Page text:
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Minimally Invasive Bunion Surgery

Minimally invasive or key-hole Bunion surgery is a technique that reduces the size of the incisions during the surgical procedure.

Bunion surgery is most often a day case or one night in hospital. Surgery can be done under ankle block (patient awake) or general anaesthetic.

Minimally invasive or key-hole Bunion surgery is a technique that reduces the size of the incisions during the surgical procedure. The Minimally invasive Bunion surgical technique has evolved and is in its third generation. It involves performing an osteotomy of the first metatarsal and phalanx through keyhole incisions and stabilizing with screws under fluroscan guidance. Dr Dracopoulos has completed three cadaver workshops on this method and recently spent time in Sydney learning this technique from a recognised leading surgeon in the field. Committed to offering patients the latest technology Dr Dracopoulos has now commenced keyhole or minimally invasive surgery for selected bunion cases.

MIS involves a much smaller skin incision through which the entire joint replacement operation takes place. In total knee replacement surgery this can often mean patients receive an 8-9cm surgical scar rather than 24-25 cms. This can also mean decreased post-operative pain due to reduced surgical disruption to surrounding muscles and tendons, a shorter stay in hospital and a faster return to everyday activities.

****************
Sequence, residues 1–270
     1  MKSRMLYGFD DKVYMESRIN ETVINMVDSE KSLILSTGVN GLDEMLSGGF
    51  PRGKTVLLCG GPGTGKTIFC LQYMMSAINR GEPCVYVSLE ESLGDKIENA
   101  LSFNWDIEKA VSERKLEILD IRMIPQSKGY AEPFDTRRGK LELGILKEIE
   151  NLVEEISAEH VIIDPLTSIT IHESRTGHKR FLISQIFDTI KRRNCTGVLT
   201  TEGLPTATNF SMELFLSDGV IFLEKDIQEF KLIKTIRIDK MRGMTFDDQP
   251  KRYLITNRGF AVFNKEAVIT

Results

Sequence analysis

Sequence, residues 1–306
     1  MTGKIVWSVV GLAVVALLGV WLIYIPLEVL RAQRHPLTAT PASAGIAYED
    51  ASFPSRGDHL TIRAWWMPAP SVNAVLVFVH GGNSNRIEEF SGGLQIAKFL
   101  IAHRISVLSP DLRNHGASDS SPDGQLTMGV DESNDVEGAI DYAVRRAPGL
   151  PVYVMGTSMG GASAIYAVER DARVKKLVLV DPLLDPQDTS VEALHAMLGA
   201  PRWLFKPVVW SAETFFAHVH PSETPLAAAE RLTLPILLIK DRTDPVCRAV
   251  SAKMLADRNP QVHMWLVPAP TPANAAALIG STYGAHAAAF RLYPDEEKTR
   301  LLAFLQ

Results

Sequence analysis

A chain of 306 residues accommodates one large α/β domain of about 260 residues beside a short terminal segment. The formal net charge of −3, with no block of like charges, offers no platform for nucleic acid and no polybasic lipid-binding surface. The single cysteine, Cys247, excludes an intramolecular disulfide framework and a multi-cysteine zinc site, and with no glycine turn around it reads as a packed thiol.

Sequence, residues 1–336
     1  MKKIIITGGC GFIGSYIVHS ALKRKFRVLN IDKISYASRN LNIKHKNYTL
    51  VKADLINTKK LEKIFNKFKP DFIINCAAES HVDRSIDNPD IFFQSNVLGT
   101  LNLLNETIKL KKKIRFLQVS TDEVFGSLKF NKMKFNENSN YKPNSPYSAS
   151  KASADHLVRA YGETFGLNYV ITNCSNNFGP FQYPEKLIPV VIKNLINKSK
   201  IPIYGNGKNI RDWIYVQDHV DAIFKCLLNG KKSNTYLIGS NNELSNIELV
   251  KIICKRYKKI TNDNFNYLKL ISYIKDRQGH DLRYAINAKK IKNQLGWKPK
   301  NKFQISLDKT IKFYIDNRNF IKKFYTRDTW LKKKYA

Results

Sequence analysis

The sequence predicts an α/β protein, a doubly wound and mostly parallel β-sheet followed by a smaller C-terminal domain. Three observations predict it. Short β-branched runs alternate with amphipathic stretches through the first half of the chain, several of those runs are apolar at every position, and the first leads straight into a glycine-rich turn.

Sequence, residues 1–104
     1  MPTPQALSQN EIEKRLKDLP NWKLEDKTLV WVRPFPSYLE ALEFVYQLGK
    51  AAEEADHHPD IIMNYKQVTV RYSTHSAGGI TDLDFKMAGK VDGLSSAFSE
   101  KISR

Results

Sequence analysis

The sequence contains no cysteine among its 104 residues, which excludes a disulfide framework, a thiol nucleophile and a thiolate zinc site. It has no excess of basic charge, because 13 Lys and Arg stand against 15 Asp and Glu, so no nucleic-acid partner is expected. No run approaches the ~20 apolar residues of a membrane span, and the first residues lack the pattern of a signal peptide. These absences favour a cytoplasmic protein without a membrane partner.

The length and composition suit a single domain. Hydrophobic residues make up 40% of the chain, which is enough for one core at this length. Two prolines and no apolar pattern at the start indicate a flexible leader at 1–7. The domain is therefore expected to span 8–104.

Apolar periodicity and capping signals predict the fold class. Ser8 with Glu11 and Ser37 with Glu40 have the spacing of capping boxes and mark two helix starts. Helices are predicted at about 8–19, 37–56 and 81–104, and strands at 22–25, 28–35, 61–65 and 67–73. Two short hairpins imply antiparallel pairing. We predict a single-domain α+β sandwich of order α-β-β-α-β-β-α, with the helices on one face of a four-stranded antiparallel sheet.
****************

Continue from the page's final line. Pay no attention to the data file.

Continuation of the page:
Possible specific complications include:

  • Under-correction (deformity returns)
  • Over-correction (great toe too straight)
  • Arthritis leading to pain and stiffness of the great toe
  • Nerve damage leading to permanent numbness of part of the great toe
  • Infection of the wound

In addition, as with any surgery there is a risk of deep vein thrombosis (blood clot) with potentially very serious consequences.

Occasionally (but not often) patients may have such a complication so severely that they feel worse off and need further correction surgery to address this, possibly by fusion of the great toe.

It is best to rest with the foot elevated for the first 2 weeks after surgery. The foot is bandaged and a special sandal supplied by the hospital is worn for 6 weeks. Sensible shoes are to be worn for a further 6 weeks after the bandages are removed.

It will take between 3-6 months for the swelling to go down. It will take 12 months before everything completely settles.

It is also important to remember that not all bunion operations are entirely successful.



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